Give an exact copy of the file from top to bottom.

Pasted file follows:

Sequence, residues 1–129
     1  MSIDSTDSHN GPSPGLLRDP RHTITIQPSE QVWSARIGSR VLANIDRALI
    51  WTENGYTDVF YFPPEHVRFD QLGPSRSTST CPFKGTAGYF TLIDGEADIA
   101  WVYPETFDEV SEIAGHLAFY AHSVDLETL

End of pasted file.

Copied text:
Sequence, residues 1–129
     1  MSIDSTDSHN GPSPGLLRDP RHTITIQPSE QVWSARIGSR VLANIDRALI
    51  WTENGYTDVF YFPPEHVRFD QLGPSRSTST CPFKGTAGYF TLIDGEADIA
   101  WVYPETFDEV SEIAGHLAFY AHSVDLETL